When asked this question, or somethings similar, I often begin with a story.
A friend of mine went to his GP with some unusual symptoms: difficulty sleeping, chest pains, feelings of stress in situations that wouldn’t normally be stressful. (At one point he thought he was having a heart attack.) After a check-up, his GP said that his symptoms pointed to anxiety and depression, and he was prescribed anti-depressants.
This came as a surprise to my friend. And, as a person of faith and a senior member of his church, there were several things that made this diagnosis difficult. They included the stigma surrounding the term “mental illness” that persists in many parts of society, including faith communities. Then there was the question of how to reconcile faith in God with the mental distress he was experiencing. Would taking medication represent a lack of faith? Would his experiences with mental ill health affect people’s ability to trust him?
He went and spoke to a leader in his community, who, thankfully, was able to reassure him. My friend was able to begin taking the medication, alongside other supports, and saw a great improvement. He’s now shared his story widely within his church, which has helped raise awareness of mental health. In fact, since then several other people have spoken publicly about their own journeys with mental ill health.
An asset, not a disadvantage
At FaithAction, as a national membership body for faith-based charities and places of worship, we sometimes find ourselves speaking “on behalf of people of faith” in meetings with health and care policymakers. We get asked about the kinds of inequalities and disadvantages people of faith experience when it comes to mental health.
When our time comes to speak, however, we are more compelled to describe the positive difference faith can make than the inequality it may bring.
Three things from my friend’s story above illustrate this positive role for faith:
- First, we see that well-placed and timely words from a trusted faith leader can be extremely powerful. They can be the difference between someone accessing the help they need – be that medication, assistance with referrals or appointments, or simply a listening ear – or suffering in silence.
- Second, the public sharing of experiences with mental ill health can be immensely helpful in cutting through stigma and changing perspectives, perhaps especially where this comes from someone in a position of leadership. As we have seen, when done right, this kind of vulnerability and honesty can help create a space of safety and understanding within a community.
- Third, there are positive physical and mental health impacts of being a part of community (in the case of my friend, a church community). Evidence shows that those who have access to good social networks and support are more resilient and likely to recover when unwell. Not only this, but many faith groups run programmes of support and advice complementary to statutory offers, like social prescribing.
Our conviction that faith should be recognised as an asset, not a disadvantage, led us to launch the Friendly Places campaign in 2014. By signing the Friendly Places pledge a faith group makes a commitment to be a place which welcomes or supports those struggling with their mental health, whether they are experienced at this or just beginning on their journey. We offer accompanying training to faith communities looking for practical tips and suggestions for making this happen.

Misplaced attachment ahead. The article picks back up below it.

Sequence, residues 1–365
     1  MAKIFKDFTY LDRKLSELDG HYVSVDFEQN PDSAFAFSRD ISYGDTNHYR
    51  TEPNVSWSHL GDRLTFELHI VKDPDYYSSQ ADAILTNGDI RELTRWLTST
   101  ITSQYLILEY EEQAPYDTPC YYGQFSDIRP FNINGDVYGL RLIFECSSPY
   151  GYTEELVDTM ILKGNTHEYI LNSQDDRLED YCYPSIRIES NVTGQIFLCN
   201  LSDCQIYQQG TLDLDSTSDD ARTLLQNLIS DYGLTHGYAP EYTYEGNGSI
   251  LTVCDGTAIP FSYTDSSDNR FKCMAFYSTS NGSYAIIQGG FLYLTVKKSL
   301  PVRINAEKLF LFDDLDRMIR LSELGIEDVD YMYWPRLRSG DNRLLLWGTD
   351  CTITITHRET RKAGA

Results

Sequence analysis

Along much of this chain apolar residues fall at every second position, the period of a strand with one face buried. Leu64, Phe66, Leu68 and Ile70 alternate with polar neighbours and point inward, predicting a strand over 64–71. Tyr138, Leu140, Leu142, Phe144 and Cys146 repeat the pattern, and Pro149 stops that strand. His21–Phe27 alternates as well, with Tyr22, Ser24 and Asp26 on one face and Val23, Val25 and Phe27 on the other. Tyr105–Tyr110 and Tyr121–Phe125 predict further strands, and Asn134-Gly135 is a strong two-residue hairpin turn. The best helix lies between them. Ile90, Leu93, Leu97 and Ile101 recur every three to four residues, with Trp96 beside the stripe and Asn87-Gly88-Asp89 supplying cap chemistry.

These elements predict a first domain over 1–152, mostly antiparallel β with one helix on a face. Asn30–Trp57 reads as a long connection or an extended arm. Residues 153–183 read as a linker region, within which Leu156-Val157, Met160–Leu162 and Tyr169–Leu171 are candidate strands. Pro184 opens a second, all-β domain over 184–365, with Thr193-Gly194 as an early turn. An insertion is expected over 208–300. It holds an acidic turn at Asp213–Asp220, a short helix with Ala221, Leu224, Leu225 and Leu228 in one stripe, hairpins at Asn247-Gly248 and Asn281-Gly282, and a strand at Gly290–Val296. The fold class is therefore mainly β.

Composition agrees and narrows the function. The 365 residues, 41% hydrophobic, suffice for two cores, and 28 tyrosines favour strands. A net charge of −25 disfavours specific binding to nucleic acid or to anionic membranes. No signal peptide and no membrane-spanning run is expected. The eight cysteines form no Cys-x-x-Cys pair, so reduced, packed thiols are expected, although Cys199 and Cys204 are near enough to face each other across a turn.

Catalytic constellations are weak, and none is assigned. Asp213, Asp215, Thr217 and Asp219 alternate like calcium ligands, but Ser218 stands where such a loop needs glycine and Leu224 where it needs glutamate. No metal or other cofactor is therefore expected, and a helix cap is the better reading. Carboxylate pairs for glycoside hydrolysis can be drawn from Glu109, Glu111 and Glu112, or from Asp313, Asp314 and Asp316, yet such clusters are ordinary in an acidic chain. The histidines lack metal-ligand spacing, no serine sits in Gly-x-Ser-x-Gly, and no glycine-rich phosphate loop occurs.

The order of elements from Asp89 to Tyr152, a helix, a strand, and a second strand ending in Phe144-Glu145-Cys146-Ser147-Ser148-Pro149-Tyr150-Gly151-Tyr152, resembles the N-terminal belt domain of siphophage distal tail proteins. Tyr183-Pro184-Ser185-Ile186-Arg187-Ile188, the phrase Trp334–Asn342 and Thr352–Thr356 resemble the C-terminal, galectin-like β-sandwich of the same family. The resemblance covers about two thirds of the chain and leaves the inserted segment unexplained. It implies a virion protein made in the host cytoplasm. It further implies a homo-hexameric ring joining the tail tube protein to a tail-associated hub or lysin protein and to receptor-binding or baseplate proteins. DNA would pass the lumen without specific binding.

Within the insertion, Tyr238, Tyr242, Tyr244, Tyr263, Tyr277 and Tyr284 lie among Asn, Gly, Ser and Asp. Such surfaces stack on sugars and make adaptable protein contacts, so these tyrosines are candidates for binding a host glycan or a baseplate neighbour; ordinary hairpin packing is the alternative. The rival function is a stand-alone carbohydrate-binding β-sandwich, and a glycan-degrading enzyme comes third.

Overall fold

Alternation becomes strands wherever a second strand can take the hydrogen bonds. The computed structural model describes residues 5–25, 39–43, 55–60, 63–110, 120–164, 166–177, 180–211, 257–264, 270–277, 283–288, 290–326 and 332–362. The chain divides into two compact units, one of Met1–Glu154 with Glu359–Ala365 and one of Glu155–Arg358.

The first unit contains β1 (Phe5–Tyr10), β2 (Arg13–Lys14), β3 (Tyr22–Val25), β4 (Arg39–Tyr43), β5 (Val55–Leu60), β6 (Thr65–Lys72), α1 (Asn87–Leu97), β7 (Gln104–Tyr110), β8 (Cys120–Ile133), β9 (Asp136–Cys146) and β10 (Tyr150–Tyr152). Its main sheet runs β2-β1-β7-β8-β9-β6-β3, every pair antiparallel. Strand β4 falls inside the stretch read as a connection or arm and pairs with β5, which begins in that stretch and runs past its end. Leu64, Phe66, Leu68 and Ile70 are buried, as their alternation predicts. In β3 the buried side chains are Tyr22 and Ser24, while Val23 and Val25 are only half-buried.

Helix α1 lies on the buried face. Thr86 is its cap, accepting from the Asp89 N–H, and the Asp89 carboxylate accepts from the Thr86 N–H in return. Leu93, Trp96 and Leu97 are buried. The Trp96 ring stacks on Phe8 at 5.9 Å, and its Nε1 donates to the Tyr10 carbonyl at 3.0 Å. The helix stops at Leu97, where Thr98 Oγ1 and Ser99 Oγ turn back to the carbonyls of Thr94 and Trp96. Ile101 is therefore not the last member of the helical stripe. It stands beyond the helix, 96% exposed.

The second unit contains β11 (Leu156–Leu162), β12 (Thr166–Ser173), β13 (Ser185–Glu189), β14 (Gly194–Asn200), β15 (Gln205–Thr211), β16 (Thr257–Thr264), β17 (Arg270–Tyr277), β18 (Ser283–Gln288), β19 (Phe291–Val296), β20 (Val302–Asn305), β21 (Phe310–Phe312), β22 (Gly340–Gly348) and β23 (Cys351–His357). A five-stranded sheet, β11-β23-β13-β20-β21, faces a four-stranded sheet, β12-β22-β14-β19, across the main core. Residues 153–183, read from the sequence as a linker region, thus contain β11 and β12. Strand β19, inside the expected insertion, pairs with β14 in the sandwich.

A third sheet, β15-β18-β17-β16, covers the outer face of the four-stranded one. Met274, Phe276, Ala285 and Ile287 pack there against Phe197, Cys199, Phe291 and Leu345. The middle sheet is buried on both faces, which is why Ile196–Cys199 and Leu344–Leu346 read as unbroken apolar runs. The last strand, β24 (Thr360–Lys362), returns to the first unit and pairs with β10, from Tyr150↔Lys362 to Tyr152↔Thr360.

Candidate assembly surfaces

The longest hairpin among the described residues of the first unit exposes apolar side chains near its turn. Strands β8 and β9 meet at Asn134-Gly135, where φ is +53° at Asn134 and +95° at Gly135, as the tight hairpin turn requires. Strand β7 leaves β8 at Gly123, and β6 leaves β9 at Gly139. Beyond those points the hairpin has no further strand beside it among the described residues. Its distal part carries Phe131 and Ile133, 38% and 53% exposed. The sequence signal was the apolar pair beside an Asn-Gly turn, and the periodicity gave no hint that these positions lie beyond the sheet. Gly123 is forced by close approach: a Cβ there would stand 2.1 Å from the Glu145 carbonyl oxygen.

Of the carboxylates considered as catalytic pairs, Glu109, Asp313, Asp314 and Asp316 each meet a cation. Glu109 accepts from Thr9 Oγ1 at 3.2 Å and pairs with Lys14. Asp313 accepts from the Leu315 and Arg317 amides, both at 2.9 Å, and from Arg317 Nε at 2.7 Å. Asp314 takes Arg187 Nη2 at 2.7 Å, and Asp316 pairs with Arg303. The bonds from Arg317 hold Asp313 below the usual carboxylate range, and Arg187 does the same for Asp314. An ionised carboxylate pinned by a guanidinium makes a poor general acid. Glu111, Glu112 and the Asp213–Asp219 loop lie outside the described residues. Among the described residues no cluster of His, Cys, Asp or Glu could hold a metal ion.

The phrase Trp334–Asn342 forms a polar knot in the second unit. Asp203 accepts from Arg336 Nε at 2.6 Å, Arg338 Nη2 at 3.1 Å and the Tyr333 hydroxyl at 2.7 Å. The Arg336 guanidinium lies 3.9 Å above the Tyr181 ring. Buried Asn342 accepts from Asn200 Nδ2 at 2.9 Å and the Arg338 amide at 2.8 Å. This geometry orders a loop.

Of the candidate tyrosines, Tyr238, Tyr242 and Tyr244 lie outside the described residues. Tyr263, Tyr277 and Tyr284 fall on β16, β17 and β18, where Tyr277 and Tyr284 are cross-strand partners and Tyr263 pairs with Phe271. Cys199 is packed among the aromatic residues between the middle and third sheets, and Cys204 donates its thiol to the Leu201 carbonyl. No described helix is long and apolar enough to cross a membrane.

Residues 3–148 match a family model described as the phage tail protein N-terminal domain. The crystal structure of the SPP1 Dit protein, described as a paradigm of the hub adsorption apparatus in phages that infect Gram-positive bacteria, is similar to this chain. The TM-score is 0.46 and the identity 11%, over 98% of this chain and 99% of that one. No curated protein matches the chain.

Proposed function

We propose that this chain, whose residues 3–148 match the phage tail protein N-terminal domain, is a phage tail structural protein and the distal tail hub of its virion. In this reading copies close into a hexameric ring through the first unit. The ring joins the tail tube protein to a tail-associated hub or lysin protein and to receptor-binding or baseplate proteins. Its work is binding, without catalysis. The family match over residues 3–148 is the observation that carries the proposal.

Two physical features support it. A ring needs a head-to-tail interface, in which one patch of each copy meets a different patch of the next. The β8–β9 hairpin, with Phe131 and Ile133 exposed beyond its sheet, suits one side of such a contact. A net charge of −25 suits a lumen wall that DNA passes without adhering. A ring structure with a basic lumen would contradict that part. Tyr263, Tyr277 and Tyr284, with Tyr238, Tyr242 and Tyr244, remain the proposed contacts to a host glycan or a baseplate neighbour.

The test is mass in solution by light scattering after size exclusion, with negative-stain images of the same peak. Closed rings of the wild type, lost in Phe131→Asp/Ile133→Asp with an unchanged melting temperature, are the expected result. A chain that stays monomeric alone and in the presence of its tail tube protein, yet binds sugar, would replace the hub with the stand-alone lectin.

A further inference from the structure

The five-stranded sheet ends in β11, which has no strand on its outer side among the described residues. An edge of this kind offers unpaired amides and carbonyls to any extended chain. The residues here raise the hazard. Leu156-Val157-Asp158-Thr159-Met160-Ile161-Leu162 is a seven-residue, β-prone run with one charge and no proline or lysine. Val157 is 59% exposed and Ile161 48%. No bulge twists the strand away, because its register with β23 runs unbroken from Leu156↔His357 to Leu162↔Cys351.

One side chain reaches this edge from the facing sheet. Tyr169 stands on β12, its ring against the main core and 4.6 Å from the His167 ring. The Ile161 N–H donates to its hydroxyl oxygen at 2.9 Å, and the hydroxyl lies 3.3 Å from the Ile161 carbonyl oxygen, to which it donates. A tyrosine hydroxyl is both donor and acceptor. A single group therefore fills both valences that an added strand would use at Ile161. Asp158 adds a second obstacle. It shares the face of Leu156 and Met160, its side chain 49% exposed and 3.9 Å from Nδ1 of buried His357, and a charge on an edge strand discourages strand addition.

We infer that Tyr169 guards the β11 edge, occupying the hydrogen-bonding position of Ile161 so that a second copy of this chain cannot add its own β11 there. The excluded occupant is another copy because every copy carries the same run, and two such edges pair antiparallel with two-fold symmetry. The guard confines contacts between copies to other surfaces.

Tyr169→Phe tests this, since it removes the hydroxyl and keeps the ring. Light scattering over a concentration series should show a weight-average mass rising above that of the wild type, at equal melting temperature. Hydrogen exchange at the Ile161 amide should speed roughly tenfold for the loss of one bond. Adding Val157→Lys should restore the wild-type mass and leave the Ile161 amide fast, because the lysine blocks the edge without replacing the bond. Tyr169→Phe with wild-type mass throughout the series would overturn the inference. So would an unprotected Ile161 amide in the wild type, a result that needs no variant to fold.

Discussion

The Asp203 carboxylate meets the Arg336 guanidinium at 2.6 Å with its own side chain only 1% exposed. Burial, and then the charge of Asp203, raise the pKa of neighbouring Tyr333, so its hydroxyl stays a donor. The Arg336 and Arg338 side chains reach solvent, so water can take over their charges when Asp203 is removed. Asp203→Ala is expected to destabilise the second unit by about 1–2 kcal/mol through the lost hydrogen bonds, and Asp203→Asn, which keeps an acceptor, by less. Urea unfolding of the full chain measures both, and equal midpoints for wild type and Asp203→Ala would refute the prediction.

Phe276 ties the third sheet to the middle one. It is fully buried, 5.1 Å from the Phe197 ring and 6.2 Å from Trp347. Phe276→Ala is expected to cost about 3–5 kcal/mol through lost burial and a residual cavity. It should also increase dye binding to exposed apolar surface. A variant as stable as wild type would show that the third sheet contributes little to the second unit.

Steps to being a Friendly Place are often simple – what we might normally associate with being hospitable. But we find that, so often, the simplest practical change – like keeping a free row of seats at the back of a gathering for people who are late, or who may need to slip out unnoticed if they feel overwhelmed – can make a massive difference to people feeling included.
Over 300 organisations and places of worship have signed the Friendly Places pledge to date. And many have spoken about the impact signing has had on how they do things. One rabbi said it helped him realise that his role was not just to lead prayers but to look around the room and see how people are doing and, if necessary, follow up with those who are absent, out of care. One Gurudwara had their whole security team trained, in recognition that these were often the first people to welcome new visitors to their centre or notice if people needed help.
Mental health issues are common. We know that 1 in 4 people are likely to experience difficulties with their mental health at some point during their lifetime, meaning that, if you are part of a church, mosque, synagogue, or other faith community, you will almost certainly know somebody affected. Added to this, with the Covid-19 pandemic exacerbating stress and mental ill health, loneliness and isolation on the rise, and a cost of living crisis threatening financial security, our communities are perhaps facing more reasons to feel the burden of stress, or anxiety.
Now more than ever, then, faith communities have huge potential to be safe spaces, as well as communities of prevention and healing. At their best, faith centres and places of worship are spaces where people are listened to, where there is an ethos of pastoral care that addresses the “whole person”, and where people are willing to go the distance, walking with individuals through life’s ups and downs.
Policy and Programme Officer